And so glad to know that “even Syria” in your moral universe or frame is “small-time stuff.” Like this? link to syriavideo.net That kind of seems to maybe draw a nice Victorian frame around your views…

    • Yes but its a “twofer”. The USA gets to tweak both Russia (because of the base at Tartus) and Iran (because of the Shiite/Hezbollah axis?). The USA doesn’t need to do much, just a little, to stir the pot. Plus, it pours some gravy onto the whole pie for its ally next door in the Levant, whom never seems pass up an opportunity to obsess on the total destruction of all things Hezbollah.

      • Whatever, JT. Wake us up when you have a point other than “I really hate that guy on the internet.”

        Mike, I don’t think “tweaking Russia” matters very much to the United States these days. The U.S. continues to be a major focus of Russian foreign policy, but Russia just doesn’t occupy the same space in American thinking that it did during the Cold War. The damage to our bilateral relationship from the Syria crisis is a cost to the United States, not a goal. Remember that Obama (as well as Bush before him) came into office seeking better relations with Russia.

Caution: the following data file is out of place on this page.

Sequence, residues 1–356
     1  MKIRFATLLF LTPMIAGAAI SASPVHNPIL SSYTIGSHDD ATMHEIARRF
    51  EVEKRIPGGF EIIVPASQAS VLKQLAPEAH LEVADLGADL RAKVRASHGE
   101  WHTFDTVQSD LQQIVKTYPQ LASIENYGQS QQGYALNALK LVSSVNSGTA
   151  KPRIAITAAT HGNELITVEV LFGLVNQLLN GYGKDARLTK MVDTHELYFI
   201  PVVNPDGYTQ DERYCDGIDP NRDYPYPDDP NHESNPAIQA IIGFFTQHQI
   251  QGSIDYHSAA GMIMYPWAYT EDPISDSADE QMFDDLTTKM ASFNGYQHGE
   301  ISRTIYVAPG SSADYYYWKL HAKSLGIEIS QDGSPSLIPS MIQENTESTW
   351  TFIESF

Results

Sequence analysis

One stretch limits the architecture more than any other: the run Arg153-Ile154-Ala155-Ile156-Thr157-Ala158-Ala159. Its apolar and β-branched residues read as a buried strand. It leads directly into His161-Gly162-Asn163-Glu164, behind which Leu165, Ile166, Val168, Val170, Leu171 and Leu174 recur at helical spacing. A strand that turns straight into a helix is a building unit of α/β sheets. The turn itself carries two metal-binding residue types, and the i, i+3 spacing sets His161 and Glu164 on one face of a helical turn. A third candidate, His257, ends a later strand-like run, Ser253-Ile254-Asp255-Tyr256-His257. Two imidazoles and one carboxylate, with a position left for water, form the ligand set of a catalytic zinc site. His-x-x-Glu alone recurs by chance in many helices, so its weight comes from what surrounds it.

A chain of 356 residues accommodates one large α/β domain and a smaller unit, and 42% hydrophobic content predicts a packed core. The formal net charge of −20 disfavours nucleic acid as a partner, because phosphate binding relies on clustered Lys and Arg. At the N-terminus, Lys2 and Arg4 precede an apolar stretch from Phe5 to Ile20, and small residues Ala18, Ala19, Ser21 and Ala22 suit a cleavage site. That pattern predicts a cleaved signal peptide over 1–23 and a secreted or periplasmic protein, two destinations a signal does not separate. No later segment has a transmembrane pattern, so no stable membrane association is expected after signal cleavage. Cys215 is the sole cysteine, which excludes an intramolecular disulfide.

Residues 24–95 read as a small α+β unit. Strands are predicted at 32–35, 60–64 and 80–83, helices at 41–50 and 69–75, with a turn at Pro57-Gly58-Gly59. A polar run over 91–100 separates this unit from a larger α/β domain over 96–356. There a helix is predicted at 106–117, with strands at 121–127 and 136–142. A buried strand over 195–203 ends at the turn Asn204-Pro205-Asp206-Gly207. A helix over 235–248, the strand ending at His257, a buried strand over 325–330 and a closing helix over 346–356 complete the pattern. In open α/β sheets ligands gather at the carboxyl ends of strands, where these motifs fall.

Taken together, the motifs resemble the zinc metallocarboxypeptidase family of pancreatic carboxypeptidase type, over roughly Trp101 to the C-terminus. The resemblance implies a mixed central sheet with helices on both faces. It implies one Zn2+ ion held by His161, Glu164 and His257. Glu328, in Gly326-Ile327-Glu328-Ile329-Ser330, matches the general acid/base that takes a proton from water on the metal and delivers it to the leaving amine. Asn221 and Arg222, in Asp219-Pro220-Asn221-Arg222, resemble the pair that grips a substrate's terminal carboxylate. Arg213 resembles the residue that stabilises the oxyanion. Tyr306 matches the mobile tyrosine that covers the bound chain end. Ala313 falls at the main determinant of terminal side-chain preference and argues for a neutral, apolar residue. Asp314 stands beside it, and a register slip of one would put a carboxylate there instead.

It’s a bit like the Blue Jays and the Yankees. The Blue Jays talk about their rivalry with the Yankees, while the Yankees view the Blue Jays as just another team they play.